While Norah Jones' new album, Day Breaks, features a selected whos-who guestlist of jazz greats, her formative influences come from far further afield. We recently caught up with Jones for her own curated playlist of songs that have shaped her life and music.
All words below by Norah Jones.
Skid Row "I Remember You", 1989
"I just remember being in sixth grade and liking this guy named Jimi Valvo. He listened to heavy metal so I tried to listen to it too, but all I could really get into were power ballads, so I made a mixtape of them instead. I definitely get a wave of nostalgia when I hear this song."
Nick Cave & the Bad Seeds "Breathless", 2004
"When I lived in L.A. for a few months while making my last record, I danced around the sunny kitchen and made many a breakfast taco to that song. It makes me melancholy and happy all at the same time."
Nirvana "Smells Like Teen Spirit", 1991
"When I first got the Nevermind album I'll never forget, I went on a trip to visit my aunt and uncle. And I had my Walkman and I had headphones and I would lay in their spare bedroom listening to that album and just going nuts air drumming in the dark. I really did. I freaked out. It was the first time I really noticed the drums and thought about them being in existence. Especially on 'Smells Like Teen Spirit'."
Jeff Buckley "Hallelujah", 1994
"I don't think I've cried in a long time from a song. But when I was young probably many, many songs! I used to listen to [Buckley's] version of 'Hallelujah' on repeat back in high school. The first time I heard it I think I was in 10th grade and they had his record on display [at the store], and I remember being confused 'cause it's called Grace and it had the songs 'Hallelujah' and 'Corpus Christi Carol'. And I remember actually listening to it and really liking it and asking the clerk, 'Is this some kind of Christian artist or something? 'Cause that's not what I was really going for.' [Laughs] And he's like, 'Uh, no, weirdo.' So I bought it and I obsessed on it, it was my favourite record."
Norah Jones "Rosie's Lullaby", 2007
"It's a song from my third album, that I wrote on the beach in Australia. It's actually not a difficult song at all, but it's at its best when played super slow, so it's always a challenge to keep it slow enough without keeling over while also having enough energy. When it hits the sweet spot it's amazing."
Solomon Burke "Home In Your Heart", 1959
"I had a girls' night in with my best friend when we were both trying to not drink for a while, so we cooked and drank kombucha. This song got us dancing in the living room. Next thing we knew, hours had passed and we were all sweaty and laughing about our dance party for two."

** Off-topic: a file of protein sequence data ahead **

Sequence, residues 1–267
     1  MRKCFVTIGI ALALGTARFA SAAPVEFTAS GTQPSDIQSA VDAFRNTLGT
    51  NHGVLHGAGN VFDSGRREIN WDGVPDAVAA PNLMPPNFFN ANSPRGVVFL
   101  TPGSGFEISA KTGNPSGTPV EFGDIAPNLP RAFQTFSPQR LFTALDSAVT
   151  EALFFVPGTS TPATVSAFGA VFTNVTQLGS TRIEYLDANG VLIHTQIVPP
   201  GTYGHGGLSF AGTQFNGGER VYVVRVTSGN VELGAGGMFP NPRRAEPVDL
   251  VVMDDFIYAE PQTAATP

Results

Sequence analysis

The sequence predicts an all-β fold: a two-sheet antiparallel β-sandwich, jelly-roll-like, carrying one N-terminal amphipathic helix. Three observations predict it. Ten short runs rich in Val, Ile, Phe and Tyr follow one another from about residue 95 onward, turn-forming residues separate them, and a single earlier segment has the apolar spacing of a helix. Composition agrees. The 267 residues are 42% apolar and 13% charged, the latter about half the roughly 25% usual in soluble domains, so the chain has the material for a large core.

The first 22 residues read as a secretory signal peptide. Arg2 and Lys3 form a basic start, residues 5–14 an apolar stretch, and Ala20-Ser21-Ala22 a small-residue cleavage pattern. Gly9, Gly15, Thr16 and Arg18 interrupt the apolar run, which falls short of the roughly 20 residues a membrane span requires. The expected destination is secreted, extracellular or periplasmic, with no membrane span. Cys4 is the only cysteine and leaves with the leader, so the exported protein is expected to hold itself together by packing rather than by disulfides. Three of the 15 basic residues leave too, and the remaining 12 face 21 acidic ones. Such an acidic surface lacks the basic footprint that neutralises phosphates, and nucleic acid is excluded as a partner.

Willie Nelson "Permanently Lonely", 1969
"It's a crazy song. It's so heavy and the chords are beautiful and very hard to learn. It's complex yet it sounds very simple, 'cause it's a great song. The first time I got to meet Willie was the first time I got to sing with him. I was opening up for him at the Fillmore in San Francisco for four nights. And on the second night the guitar player asked if I wanted to come and sing a song with him, and this is before my first album came out, so nobody knew me. I was super excited and of course I wanted to sing a song with him, but I hadn't met him yet, and was that going to be weird? [Laughs] What am I going to do, just step onstage? I've never met the man! But he said, 'No no, he'll introduce [you]', and we did a Kris Kristofferson song, 'Help Me Make It Through the Night'. He just sang the first line and looked at me to sing the second line and I just fell right in, and it was great."
Wilco "Jesus, Etc.", 2002
"I remember when that album [Yankee Hotel Foxtrot] came out, getting really obsessed with it and really enjoying having it on my iPod out on the road. Eventually I learned this song, and have covered it on many tours with a few different bands. It's such a cool song and recording. Definitely one of the best in the last 20 years."
Jimi Hendrix "Hey Baby", 1970
"Today I got an itch to cover 'Hey Baby'. I'm not a master of the guitar, but I think it would sound rad on the Hammond B3 organ. I usually want to play music when I hear Hendrix. He just has that effect, he's untouchable."
Aretha Franklin "Do Right Woman, Do Right Man", 1967
"I grew up listening to Aretha Franklin and I think that made me want to sing. Just singing along with her records and doing the harmony parts, I loved it. My mum was a big fan, she was always playing good music. With Aretha, we'd clean the house to that, vacuum, whatever, Saturdays."
From issue #780 (November 2016), available now.